Shutdown Theory

Ligament Replacement Surgery—known better by the moniker “Tommy John Surgery”—is almost a foregone conclusion for Major League pitchers today. Teams practically build their rotations and, many times, entire seasons around when, not if, a certain pitcher will need to take a year or two off for an elbow rebuild. In 2012, the most famous case is that of Stephen Strasburg of the first place Washington Nationals. But the St. Louis Cardinals may have a similar case to review regarding their ace Adam Wainwright.

Saturday, the Nationals announced Strasburg will be shut down for the rest of 2012, including any postseason games the Nats might play. Strasburg underwent his procedure on September 3, 2010—two full years ago. Conventional wisdom suggests a pitcher needs anywhere from 12-18 months of rehab before he is truly ready to return to form on the mound, and most hurlers don’t feel back to 100% until two years after the surgery. Technically, Strasburg should be hitting his stride right about now. Imagine the boost the Nats would be getting from that, assuming they were close to where they currently are. Instead, they’re forced to go the rest of the season without their de facto ace. Arguments and hindsight from both sides are numerous: should he have rehabbed at all in 2011…should he have started 2012 late…the Nationals are doing this to protect his and their futures…this is just another power flex from Scott Boras…how can the Nats do this to their fanbase…how can they not do it…etc.

The Cards are in a somewhat similar situation with Wainwright, though the scales are vastly different. The righty underwent his procedure February 28, 2011, and was in training camp less than one year later. Wainwright started the Cards’ home opener—albeit to little success—and hasn’t missed a start yet. As the 2012 season progressed, Wainwright seemed to get stronger. Aside from the occasional hiccup, he looked to be inching closer to pre-surgery form right before our eyes. Cardinal coaching and front office eyes, however, were no doubt laser-focused on his health the entire time. And while the Cardinals also have to ponder the future, their perspective is quite different: coming off a World Series victory that punctuated perpetual success under Tony La Russa, followed by a complete sea-change with the transition to Mike Matheny…losing Chris Carpenter at the start of 2012…could Wainwright have rested a few more months and joined the team mid-year…only having Wainwright under contract one more season, with designs on trying to re-sign him…the Cards are still in a dogfight for a return to the postseason…etc.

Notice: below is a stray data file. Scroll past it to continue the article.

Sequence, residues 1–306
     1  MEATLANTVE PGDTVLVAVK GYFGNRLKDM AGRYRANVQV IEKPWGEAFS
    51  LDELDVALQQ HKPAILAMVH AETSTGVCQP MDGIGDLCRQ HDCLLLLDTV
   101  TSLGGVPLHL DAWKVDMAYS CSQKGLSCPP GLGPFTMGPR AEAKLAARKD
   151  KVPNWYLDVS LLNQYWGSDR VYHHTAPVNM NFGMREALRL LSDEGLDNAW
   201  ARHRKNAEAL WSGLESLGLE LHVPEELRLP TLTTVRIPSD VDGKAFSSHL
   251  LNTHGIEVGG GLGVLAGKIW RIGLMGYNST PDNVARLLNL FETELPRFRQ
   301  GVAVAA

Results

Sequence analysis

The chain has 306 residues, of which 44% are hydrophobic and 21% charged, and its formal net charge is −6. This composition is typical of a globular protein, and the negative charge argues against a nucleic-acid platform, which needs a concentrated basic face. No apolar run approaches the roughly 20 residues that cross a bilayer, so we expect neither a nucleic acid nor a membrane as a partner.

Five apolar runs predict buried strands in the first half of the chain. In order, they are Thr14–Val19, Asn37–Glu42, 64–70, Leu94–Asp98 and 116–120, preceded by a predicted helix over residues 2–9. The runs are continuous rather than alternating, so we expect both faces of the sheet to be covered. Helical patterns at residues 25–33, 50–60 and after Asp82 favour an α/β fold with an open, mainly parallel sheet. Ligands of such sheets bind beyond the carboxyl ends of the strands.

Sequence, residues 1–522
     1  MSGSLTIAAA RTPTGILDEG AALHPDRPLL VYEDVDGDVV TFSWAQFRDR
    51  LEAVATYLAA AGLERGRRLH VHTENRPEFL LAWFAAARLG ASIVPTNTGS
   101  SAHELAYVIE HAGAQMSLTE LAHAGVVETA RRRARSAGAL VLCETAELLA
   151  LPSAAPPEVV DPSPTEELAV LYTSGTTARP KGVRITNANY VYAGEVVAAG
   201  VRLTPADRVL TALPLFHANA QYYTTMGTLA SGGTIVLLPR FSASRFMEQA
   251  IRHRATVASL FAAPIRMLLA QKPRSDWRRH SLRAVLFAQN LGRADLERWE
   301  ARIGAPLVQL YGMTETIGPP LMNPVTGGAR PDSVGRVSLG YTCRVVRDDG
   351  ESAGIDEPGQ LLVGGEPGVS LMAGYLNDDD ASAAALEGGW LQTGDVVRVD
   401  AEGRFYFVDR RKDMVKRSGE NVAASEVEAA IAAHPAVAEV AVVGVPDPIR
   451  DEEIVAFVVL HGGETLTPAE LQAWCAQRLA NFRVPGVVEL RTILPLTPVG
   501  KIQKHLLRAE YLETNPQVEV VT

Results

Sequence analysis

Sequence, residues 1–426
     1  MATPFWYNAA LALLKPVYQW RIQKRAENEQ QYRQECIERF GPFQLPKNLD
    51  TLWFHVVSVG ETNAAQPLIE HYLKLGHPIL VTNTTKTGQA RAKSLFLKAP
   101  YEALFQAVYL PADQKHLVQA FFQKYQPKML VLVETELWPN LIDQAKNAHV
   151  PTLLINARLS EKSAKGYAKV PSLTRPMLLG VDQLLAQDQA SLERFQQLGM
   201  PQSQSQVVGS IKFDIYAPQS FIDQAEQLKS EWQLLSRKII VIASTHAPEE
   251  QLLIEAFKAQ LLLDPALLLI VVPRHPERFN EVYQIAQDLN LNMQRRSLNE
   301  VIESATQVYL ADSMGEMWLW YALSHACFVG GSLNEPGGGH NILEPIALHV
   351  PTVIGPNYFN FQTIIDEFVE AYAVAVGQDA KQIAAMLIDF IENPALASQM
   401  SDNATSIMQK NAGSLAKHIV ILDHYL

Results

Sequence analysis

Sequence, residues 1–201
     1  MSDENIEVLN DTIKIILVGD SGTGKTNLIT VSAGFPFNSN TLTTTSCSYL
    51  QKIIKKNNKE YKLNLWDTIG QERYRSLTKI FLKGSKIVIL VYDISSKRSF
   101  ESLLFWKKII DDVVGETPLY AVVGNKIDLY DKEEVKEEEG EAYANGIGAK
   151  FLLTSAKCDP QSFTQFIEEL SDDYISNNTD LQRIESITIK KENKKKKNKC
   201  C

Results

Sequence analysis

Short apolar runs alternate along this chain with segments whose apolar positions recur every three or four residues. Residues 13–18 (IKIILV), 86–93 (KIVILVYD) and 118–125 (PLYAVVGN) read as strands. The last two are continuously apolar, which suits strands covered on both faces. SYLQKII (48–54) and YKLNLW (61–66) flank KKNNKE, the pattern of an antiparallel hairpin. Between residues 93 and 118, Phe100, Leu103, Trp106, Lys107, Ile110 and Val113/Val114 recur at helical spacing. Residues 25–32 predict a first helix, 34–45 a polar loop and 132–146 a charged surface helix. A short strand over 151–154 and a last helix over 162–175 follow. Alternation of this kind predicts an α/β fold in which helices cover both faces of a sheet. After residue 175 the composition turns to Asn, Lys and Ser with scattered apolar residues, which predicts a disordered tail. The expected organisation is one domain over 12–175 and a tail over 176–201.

Ironically, the two pitchers’ last few outings have been similarly bad. Strasburg pitched well against the Cards last week, but that start was bookended by giving up five earned runs in each of two outings—one of five innings, one of three. Wainwright’s last two starts have been even worse: six earned runs in less than three innings and five earned runs over five innings. Under normal circumstances, these events could be looked at as a slump or even just a radar blip for two pitchers so obviously better than the numbers they posted. But is it more than just irony that Strasburg’s stumble came as he inched closer to the 160 IP limit the Nats originally discussed, or that Wainwright seems to be losing gas as he hits 18 months since his surgery?

Wainwright has said that failing to repeat the proper arm slot has led to his bump in the road, not soreness or fatigue. But fatigue is sometimes just as much a symptom of mechanical issues as anything else. And even if he cannot perceive something being off—or simply can’t fix it—Wainwright runs the risk of injuring himself in other areas.

That’s not to say the Cardinals have to shut down Wainwright like the Nationals are doing for Strasburg. Even with all the similarities, the two cases have differences too: namely, Wainwright being a veteran, being older, not being as much of a power pitcher, etc. But the situation definitely bears watching, especially if Wainwright’s starts continue to go badly. And if Carpenter ends up able to pitch at all in 2012, perhaps that’s a scenario where Waino can at least get some extra rest.

Every pitcher is different, so it’s tough to assign hard numbers and come up with the right answer every time. And any ill effects for these two teams either way are still weeks to months away from being truly known, if they ever are at all. No team should ever give up on a season, especially one that includes a legitimate shot at postseason play. The Nationals know what price they were willing to pay regarding Strasburg, and they believe they just hit their limit. Do the Cardinals know their price regarding Wainwright? Will they know when they’ve hit it?

Chris Reed also writes for InsideSTL Mondays and Bird Brained whenever he feels like it. Follow him on Twitter @birdbrained.

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